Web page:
What's more, people who see themselves as targets of age discrimination are likelier to be in poor health than victims of race or sex discrimination, according to the study.
"What we found was unexpected and striking," said the study's lead author, Angelina Sutin, assistant professor of behavioral sciences and social medicine.
The study, which was published in the American Journal of Geriatric Psychiatry, noted that Americans 50 or older who perceived discrimination based on their age had significantly lower physical and emotional health - and greater declines in health - than people who did not report experiencing such discrimination.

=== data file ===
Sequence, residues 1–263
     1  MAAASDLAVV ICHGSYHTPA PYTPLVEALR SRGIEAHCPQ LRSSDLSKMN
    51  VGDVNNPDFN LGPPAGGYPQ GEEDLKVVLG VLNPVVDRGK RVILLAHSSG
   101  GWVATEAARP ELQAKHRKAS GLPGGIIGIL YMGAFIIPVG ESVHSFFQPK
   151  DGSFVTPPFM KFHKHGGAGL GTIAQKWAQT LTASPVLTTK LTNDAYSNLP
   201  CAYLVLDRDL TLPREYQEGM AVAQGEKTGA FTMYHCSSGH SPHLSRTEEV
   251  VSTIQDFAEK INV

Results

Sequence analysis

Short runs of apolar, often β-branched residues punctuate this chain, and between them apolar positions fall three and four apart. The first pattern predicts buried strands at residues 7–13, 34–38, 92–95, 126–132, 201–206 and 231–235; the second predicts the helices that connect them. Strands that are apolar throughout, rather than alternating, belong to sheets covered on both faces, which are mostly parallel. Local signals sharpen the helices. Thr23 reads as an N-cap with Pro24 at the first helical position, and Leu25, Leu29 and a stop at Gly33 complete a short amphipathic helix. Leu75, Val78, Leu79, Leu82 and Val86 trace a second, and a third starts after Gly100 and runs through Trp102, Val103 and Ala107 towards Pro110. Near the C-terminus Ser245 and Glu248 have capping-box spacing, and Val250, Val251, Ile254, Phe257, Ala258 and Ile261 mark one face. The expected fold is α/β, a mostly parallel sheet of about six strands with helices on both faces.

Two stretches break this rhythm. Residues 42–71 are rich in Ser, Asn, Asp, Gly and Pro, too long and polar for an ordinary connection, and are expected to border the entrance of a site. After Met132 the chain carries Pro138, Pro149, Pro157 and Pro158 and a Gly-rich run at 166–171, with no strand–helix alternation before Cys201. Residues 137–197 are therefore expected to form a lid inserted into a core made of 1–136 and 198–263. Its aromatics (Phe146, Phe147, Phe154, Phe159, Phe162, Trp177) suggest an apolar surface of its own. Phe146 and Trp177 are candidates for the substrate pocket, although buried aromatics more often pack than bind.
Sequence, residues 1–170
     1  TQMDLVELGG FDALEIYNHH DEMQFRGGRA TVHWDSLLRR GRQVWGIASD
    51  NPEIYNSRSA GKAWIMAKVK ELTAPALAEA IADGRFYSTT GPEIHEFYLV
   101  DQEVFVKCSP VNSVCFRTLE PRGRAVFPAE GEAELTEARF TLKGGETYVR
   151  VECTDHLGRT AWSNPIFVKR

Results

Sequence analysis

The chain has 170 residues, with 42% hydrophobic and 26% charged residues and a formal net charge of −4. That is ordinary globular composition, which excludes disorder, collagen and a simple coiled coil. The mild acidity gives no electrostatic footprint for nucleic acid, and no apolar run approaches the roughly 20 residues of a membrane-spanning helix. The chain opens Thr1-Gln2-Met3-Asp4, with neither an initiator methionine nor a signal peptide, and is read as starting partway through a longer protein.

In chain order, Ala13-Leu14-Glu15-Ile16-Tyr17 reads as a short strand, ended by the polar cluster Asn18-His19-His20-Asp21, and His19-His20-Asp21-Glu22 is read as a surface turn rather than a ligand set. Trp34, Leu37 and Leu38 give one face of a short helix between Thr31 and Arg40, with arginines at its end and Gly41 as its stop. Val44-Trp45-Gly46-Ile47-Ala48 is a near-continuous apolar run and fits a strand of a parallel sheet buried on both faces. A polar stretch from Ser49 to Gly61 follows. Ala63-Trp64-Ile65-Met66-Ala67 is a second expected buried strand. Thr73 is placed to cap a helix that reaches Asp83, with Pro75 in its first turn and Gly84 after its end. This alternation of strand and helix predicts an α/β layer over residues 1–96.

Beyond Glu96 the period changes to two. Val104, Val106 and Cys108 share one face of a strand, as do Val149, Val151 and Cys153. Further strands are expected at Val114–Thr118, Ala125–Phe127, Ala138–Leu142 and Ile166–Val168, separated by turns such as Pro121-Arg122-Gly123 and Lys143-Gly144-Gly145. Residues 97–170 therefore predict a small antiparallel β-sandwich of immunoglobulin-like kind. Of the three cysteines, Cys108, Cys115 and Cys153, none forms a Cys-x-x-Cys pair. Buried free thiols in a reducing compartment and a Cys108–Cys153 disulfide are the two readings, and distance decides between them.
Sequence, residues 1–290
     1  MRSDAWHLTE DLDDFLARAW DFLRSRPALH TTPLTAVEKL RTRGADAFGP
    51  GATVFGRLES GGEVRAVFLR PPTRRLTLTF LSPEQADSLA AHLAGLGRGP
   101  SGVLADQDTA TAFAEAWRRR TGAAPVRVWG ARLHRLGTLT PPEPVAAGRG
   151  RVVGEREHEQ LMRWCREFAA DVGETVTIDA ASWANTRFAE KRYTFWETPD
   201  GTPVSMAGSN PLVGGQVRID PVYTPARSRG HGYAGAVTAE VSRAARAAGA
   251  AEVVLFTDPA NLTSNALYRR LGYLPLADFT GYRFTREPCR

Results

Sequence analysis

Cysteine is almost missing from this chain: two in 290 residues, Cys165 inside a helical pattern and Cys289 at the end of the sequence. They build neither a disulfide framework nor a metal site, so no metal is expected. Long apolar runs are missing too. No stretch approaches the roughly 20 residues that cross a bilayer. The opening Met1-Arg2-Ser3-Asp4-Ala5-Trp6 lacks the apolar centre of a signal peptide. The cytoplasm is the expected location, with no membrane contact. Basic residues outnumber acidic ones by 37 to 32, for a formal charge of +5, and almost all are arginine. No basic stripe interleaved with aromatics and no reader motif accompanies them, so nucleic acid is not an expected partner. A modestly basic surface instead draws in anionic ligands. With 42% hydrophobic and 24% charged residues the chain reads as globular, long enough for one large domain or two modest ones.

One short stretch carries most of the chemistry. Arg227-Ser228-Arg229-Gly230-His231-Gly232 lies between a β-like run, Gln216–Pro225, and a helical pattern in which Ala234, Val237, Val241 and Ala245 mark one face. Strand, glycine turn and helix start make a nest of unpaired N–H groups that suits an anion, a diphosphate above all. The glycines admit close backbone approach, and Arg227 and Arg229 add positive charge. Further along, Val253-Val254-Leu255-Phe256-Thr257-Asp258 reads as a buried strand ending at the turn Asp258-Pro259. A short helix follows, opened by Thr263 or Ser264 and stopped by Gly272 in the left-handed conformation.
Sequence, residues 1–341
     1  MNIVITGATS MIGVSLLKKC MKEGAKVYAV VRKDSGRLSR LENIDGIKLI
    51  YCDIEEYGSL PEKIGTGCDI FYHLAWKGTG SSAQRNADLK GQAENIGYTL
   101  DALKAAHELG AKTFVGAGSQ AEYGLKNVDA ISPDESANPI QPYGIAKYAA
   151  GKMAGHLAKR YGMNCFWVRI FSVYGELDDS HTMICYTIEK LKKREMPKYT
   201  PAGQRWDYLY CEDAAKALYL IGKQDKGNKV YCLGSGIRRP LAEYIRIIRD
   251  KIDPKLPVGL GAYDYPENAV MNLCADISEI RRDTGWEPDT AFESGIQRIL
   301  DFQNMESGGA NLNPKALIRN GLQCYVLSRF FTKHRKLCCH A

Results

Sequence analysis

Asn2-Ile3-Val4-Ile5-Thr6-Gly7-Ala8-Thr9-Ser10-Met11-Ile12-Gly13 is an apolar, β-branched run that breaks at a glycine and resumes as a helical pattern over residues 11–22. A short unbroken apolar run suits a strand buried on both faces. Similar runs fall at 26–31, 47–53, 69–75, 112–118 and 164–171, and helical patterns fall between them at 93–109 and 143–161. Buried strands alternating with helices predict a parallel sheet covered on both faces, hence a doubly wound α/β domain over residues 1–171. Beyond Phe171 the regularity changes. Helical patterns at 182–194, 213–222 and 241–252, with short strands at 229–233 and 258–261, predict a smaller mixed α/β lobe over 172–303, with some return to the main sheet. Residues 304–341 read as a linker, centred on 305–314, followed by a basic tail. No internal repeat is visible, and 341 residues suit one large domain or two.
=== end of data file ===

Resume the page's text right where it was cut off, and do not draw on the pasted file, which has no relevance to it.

Loneliness is the most widespread health consequence of age discrimination, the study reported. Chronic loneliness, experts say, can have a wide range of adverse health consequences, including sleep disruptions; dementia; an increased risk of early death from heart attacks, strokes or other cardiovascular complications; and suicide.
Photo: Todd Pope/iStockphoto
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